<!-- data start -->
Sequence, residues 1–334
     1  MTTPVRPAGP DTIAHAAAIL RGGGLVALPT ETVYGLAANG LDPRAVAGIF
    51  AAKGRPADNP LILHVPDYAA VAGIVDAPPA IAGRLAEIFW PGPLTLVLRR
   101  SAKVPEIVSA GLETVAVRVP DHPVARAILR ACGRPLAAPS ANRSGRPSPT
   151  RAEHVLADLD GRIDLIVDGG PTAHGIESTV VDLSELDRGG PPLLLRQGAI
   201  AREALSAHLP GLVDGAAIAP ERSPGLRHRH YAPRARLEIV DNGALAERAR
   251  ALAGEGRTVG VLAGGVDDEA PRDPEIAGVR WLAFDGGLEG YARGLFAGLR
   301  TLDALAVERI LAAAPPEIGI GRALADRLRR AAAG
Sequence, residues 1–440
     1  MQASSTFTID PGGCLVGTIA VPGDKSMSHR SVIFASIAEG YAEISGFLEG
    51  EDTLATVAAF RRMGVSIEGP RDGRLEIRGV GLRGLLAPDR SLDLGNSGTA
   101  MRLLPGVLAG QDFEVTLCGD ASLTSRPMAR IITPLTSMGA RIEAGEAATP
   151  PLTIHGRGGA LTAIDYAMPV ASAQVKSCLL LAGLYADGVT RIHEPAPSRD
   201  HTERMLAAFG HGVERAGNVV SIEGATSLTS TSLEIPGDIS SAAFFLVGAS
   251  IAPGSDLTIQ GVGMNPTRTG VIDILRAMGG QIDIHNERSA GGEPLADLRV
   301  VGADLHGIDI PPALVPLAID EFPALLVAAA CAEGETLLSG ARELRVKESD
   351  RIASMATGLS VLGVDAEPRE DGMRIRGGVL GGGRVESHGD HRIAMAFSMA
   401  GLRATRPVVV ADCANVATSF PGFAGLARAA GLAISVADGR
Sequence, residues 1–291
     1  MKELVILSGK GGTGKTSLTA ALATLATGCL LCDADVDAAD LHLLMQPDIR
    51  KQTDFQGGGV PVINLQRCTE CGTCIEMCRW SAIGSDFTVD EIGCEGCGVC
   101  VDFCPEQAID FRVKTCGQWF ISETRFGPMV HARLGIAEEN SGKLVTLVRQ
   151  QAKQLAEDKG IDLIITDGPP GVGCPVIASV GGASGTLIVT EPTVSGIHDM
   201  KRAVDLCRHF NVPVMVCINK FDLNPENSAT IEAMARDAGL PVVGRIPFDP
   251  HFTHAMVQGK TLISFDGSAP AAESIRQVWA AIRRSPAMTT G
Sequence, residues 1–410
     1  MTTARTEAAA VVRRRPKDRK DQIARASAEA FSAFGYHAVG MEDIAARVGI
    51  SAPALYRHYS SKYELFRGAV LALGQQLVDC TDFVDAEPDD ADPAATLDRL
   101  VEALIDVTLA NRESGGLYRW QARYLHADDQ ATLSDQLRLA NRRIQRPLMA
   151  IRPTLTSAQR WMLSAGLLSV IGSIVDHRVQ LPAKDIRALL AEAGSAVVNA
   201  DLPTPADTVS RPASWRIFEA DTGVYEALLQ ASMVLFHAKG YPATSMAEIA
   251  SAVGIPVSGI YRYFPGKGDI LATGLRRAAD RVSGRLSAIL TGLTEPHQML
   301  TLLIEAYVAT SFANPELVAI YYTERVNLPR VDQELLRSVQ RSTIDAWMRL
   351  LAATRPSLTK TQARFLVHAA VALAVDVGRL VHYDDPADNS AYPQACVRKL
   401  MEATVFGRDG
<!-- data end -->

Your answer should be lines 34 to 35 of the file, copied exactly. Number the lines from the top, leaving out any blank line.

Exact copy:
   351  LAATRPSLTK TQARFLVHAA VALAVDVGRL VHYDDPADNS AYPQACVRKL
   401  MEATVFGRDG